UN fact-finding mission arrives in Tskhinval
A UN assessment mission has arrived in South Ossetia to get first-hand knowledge of the humanitarian and human rights situation on the ground. The delegation will spend two days in the Republic, starting in Tskhinval before moving on to other war-affected
They’ll work in two groups, allowing them to cover as wide an area as possible as they try to gain an understanding of the conflict's consequences.
The UN delegation has started the first part of its visit in Tskhinval. It will then go on to Gori and Tbilisi in Georgia before ending their trip in Moscow.
Their initial mission is to asses the humanitarian needs for the next six months, specifically in terms of food, sanitation, health and shelter. They are also there to asses how the UN can help people to rebuild their lives.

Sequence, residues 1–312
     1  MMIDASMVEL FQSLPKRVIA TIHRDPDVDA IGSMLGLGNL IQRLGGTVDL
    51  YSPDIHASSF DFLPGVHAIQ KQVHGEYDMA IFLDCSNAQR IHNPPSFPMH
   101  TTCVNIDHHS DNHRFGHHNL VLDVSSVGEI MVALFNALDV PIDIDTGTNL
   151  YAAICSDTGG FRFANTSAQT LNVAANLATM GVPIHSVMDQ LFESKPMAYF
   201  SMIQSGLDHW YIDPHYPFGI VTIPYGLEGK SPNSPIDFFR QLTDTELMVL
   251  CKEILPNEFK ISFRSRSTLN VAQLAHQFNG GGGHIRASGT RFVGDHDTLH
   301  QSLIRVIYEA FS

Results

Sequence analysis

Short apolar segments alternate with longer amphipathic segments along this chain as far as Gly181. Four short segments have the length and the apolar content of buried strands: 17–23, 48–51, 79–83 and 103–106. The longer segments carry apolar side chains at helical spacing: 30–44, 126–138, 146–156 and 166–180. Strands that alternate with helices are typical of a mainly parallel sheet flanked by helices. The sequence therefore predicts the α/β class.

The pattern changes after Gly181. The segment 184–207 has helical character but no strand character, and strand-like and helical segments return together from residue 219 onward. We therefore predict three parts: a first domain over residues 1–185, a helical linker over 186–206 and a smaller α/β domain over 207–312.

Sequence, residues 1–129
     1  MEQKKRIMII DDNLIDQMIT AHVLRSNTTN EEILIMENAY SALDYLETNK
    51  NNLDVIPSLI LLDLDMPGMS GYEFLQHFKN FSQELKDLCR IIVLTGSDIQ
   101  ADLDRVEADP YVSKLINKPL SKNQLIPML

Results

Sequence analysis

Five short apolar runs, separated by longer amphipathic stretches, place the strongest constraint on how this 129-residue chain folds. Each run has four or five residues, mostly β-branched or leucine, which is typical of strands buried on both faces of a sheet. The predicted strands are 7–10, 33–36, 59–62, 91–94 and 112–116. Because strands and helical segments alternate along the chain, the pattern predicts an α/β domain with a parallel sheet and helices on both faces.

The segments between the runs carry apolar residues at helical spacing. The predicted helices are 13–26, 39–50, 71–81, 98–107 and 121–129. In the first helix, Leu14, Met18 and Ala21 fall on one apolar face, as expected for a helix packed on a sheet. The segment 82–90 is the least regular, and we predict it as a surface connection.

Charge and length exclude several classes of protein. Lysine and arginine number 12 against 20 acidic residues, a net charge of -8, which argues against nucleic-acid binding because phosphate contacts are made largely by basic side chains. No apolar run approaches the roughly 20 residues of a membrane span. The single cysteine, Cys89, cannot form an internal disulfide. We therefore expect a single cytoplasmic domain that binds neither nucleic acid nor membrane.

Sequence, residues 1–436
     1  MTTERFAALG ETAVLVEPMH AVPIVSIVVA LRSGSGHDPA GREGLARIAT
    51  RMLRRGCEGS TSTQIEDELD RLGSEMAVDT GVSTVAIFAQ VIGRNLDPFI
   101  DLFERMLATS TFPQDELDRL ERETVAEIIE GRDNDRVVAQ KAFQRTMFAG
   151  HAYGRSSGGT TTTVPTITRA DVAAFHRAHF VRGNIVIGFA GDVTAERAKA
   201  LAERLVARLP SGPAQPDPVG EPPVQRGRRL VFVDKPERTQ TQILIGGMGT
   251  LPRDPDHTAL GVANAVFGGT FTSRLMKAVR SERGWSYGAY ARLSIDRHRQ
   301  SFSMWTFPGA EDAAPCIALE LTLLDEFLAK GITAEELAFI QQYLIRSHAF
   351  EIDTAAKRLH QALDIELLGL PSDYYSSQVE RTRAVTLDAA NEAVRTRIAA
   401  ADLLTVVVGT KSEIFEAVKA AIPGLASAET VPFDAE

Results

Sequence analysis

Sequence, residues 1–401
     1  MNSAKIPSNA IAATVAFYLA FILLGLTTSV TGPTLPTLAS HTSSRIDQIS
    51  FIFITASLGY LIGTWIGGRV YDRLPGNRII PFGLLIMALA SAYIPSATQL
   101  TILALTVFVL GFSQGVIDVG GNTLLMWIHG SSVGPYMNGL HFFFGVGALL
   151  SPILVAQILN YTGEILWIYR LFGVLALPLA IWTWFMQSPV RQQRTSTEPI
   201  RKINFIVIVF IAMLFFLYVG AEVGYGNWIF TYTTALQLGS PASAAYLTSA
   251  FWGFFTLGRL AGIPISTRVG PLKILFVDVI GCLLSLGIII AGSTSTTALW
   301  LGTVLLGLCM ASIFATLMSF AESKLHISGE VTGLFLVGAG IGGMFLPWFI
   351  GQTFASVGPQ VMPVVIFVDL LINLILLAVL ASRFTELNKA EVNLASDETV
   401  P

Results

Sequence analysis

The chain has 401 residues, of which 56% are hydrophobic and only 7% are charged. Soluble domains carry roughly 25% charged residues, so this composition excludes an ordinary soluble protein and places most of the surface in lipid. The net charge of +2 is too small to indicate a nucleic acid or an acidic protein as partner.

The UN said it had limited access to South Ossetia in the early days following the war, but it's better late than never. The mission is purely humanitarian and includes representatives from eight UN commissions.
Senior UN representative Jan Harofst said the organisation was looking at a long-term plan for the region.
“We hope that this information will be able to feed into what could be in the future a possible joint longer-term mission, which would look at needs for recovery and development,” he said.
South Ossetian deputy Prime Minister Boris Chochiev said the mission is an important step towards the world understanding the issues behind the conflict and its aftermath.
“It is very important to South Ossetia that representatives of international organisations receive information about the situation in the republic not from television or other mass media, but have a chance to study the situation on the spot,” Chochiyev said.
Any observations will be passed back to the UN so they can launch a flash appeal to their donors for further humanitarian aid.